Jeff Veen recently posted a look back at HotWired, discussing how the design of the site changed over the years since 1994. This reminded me that I have a demo copy of HotWired which he and you might like so here it is, HotWired from 1995.
When I was working at Wired UK we would occasionally have a stand at trade shows to promote the magazine. Back then (1995-6) getting an internet connection at the venue was either impossible or hugely expensive, so the US office sent over this demo version of HotWired for us to use on the stand. Most, but not all, of the links link to other static pages within the demo, so it’s a way to pretend you’re surfing the live site.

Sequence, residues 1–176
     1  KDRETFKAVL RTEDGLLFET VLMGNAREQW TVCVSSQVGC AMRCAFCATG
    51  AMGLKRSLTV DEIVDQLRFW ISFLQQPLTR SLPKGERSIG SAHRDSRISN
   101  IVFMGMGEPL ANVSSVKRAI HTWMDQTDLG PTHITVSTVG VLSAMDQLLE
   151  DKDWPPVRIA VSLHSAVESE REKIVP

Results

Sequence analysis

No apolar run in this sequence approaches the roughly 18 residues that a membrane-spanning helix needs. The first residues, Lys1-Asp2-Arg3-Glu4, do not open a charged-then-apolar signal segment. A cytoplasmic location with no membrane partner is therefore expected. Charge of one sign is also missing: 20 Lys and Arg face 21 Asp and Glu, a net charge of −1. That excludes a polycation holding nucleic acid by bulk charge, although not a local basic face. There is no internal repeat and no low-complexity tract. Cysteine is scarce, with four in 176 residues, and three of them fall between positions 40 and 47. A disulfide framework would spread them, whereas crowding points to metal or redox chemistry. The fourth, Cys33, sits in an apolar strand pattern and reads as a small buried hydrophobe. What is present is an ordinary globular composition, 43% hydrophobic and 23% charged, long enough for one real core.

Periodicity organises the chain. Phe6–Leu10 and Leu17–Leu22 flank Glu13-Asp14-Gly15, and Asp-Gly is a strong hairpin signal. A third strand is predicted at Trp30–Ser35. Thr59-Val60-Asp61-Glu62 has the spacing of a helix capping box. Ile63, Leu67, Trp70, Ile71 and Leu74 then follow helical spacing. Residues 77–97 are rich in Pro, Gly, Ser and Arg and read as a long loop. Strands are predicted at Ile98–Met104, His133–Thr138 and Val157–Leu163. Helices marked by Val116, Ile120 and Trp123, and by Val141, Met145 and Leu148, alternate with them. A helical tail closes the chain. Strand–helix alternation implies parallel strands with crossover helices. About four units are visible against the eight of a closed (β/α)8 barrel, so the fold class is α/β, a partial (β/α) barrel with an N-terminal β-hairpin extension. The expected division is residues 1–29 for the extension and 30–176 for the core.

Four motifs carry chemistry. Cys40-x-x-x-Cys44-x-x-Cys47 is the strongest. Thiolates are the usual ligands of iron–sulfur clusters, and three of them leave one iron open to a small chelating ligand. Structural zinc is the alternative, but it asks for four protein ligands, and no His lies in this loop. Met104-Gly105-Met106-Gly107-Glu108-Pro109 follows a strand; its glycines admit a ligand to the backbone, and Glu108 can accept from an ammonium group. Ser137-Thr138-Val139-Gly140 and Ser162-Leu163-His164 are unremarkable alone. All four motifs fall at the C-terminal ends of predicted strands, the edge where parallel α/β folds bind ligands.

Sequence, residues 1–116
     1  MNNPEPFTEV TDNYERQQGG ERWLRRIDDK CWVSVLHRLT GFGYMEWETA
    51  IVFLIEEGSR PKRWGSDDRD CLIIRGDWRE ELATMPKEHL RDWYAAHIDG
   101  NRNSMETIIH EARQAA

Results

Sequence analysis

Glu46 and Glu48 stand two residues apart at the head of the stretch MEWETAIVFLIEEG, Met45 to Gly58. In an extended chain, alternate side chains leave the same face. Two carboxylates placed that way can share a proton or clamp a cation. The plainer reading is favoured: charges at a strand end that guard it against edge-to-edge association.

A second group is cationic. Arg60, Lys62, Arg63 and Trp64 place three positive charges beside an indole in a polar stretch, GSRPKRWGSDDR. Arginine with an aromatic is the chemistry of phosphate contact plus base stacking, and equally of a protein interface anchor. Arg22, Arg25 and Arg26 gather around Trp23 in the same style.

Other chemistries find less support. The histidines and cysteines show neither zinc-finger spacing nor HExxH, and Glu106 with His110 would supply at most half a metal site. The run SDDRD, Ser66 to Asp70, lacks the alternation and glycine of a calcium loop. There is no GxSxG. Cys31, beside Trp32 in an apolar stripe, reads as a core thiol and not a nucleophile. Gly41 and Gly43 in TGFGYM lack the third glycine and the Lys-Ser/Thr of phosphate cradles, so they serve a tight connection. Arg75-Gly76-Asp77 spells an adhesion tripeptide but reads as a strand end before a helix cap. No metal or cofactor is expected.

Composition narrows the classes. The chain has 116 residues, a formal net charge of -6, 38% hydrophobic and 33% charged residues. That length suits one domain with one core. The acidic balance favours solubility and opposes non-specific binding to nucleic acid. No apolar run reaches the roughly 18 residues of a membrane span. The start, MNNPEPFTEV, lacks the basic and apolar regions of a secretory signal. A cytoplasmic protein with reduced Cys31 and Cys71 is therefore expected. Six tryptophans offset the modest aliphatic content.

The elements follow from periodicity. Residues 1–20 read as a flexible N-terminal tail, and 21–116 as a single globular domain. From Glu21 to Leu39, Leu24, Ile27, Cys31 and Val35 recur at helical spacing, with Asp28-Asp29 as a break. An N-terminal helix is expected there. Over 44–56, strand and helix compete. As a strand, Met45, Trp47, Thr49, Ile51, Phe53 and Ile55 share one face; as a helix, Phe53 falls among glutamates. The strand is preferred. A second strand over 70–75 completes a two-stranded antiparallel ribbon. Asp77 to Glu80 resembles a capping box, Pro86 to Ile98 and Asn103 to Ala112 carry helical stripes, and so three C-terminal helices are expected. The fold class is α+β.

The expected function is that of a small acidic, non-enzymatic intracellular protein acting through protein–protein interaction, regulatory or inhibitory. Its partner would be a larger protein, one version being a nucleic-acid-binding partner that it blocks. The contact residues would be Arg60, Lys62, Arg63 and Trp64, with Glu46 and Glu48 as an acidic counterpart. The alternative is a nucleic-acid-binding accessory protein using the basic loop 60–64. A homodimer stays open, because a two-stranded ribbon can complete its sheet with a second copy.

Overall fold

I do love the design and I don’t think this is only down to nostalgia. The pages look completely unlike websites today, particularly Web 2.0 design with its gradient fills and rounded corners. A limited palette and an effort to do creative things with a simple version of HTML. It’s a bit like tiring of print design that plays with the effects available in DTP and graphics applications and going back to look at, say, posters from the Bauhaus or 1970s punk fanzines.
For the true mid-90s experience you should resize your browser window to 800x600 (or even 640x480) and change the default background colour of pages in your browser’s preferences to a mid/light grey.
I haven’t spent a lot of time looking through the site, so do post a comment if you find something particularly interesting.